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Larry David: ‘I Haven’t Given Up the Hope’ for Another Season of ‘Curb Your Enthusiasm’

There was no curbing the enthusiasm of audience members during the Q-and-A session portion of Sunday’s Citi Presents Larry David and David Steinberg in Conversation. Some of the more cringe-worthy moments: three women begging for hugs from Mr. David after propositioning him for dates (he obliged the hugs), one guy asking him to autograph a DVD copy of season 2 of “Curb your Enthusiasm” and then bum rushing the stage, and an aspiring female comedian desperately pleading for David to have a conversation with her “in real life,” a request that drew equal parts awkward laughter and boos. Of course, the gruff Emmy-winning “Seinfeld” co-creator handled it all with signature bone-dry wit, at one point telling a fan, “Thank you for that idiotic question.”

Produced by Carolines on Broadway’s live entertainment division and held at The Theatre at Ace Hotel in downtown L.A., it was the unexpected bursts of poignancy that made the hour-and-a-half-long conversation between these two comedians (to filch a David phrase) “prettay prettay prettay” engaging. First on the menu of topics was David’s upbringing in Sheepshead Bay, Brooklyn, and how it influenced his comic style. “It was a bunch of old Jews living on top of each other,” said David. “I had an aunt next door and my grandmother on the next floor and it was rife with comedy. I walked to school (and) the Irish kids would beat me up on the way. That’s where the bad self-image is born.” Steinberg, who directed scores of “Seinfeld” and “Curb” episodes, then asked David, “What was your mother’s expectation of you?” David’s answer: “Zero. Less than zero. She wanted me to be a mailman.”

“I had no plan,” he confessed of the period following college (where he majored in history). ”I had no idea what to do with my life.”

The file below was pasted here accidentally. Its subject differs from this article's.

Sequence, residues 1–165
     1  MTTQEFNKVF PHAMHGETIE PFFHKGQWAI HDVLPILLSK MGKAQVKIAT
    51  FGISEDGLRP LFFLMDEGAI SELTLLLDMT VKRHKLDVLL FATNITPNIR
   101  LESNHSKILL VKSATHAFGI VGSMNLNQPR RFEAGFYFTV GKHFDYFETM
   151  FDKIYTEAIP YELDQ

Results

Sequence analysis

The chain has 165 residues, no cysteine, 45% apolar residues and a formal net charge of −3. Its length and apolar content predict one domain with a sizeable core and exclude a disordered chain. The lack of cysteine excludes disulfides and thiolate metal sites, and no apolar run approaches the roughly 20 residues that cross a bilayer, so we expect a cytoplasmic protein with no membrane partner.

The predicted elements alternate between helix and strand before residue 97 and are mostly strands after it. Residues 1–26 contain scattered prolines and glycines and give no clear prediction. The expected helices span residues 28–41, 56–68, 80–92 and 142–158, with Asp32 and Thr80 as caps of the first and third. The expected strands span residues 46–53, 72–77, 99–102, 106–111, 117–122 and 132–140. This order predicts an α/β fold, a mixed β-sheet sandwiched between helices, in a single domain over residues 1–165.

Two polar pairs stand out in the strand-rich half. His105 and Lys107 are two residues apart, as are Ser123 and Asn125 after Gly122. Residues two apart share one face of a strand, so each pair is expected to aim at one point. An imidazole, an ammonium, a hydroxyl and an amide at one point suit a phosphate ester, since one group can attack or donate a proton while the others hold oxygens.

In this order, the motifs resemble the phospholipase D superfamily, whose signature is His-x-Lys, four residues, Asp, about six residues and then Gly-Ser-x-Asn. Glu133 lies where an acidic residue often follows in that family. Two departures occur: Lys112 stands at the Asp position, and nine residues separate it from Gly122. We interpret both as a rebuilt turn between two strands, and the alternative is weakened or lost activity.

From his stint as the private driver for an elderly blind women (“I can’t say enough good things about a blind employer”), to an underwhelming year as a staff writer on “Saturday Night Live” (“In one season (Dick Ebersol) only put one sketch of mine on the air and it was at 12:55”), to how he and Jerry Seinfeld wrestled for creative control on “Seinfeld” (“Just say no and you get your way”), David sketched a spirited portrait of his life as a fledging stand-up comic trawling grocery store aisles for comedic material who found fame and fortune as the author of his own TV universe.

When it came to the future of HBO’s “Curb,” which quietly trailed off after season 8 with no confirmation as to whether or not it would continue for a ninth, David said, “After eight seasons on ‘Curb,’ I’m just not sure my ideas are gonna be good enough for a whole season.” When a heckler called out, “Yes, they will!” David replied, “I’ve been heckled a lot, but that was the nicest one.”

David also made sure to remind attending fans that the “Larry David” on “Curb” is not the same Larry David in real life.

“In a way I wish I was that character because he’s so honest,” said David, citing “Palestinian Chicken,” “Ski Lift” and “The Doll” among his top favorite episodes. “As Larry David on ‘Curb’ I get to say everything I want to say which I can’t in real life. It’s freeing. This was a great vehicle for me to have all of these thoughts that go unexpressed.”

Currently gearing up for his Broadway play about shiva (Jewish mourning ritual) that opens in February 2015, he’s not kicking “Curb” to the bucket just yet.

“I feel bad that I don’t have shows for them,” he told Steinberg of obsessed series fans, “and I haven’t given up the hope.”

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